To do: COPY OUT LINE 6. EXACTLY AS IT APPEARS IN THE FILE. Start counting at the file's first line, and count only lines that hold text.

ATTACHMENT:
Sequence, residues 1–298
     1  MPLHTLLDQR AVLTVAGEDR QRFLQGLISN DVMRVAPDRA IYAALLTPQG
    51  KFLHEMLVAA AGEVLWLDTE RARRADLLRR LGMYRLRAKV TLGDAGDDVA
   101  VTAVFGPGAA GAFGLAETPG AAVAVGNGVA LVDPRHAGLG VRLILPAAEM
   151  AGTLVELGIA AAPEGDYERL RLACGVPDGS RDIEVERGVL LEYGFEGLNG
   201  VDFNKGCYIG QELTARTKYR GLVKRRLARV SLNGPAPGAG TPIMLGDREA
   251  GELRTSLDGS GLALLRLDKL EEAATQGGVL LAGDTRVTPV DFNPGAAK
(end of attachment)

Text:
   201  VDFNKGCYIG QELTARTKYR GLVKRRLARV SLNGPAPGAG TPIMLGDREA